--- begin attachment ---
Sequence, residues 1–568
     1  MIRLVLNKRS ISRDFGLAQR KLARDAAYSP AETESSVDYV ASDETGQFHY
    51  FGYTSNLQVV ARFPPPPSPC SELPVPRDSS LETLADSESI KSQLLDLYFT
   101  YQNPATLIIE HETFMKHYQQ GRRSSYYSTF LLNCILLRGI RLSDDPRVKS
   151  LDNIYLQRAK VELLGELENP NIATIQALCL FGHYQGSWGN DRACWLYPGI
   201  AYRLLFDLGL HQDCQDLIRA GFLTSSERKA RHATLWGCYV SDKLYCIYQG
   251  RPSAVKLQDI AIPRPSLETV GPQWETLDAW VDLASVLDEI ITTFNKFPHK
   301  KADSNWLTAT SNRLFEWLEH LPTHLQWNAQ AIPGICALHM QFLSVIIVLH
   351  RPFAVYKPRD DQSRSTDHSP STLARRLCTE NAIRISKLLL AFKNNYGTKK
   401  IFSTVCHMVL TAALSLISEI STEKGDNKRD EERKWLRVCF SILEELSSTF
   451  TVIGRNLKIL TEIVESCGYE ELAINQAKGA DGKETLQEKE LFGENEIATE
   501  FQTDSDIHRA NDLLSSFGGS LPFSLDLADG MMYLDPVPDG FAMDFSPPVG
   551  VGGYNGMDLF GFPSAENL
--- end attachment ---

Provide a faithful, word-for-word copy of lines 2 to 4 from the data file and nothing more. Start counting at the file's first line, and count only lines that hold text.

     1  MIRLVLNKRS ISRDFGLAQR KLARDAAYSP AETESSVDYV ASDETGQFHY
    51  FGYTSNLQVV ARFPPPPSPC SELPVPRDSS LETLADSESI KSQLLDLYFT
   101  YQNPATLIIE HETFMKHYQQ GRRSSYYSTF LLNCILLRGI RLSDDPRVKS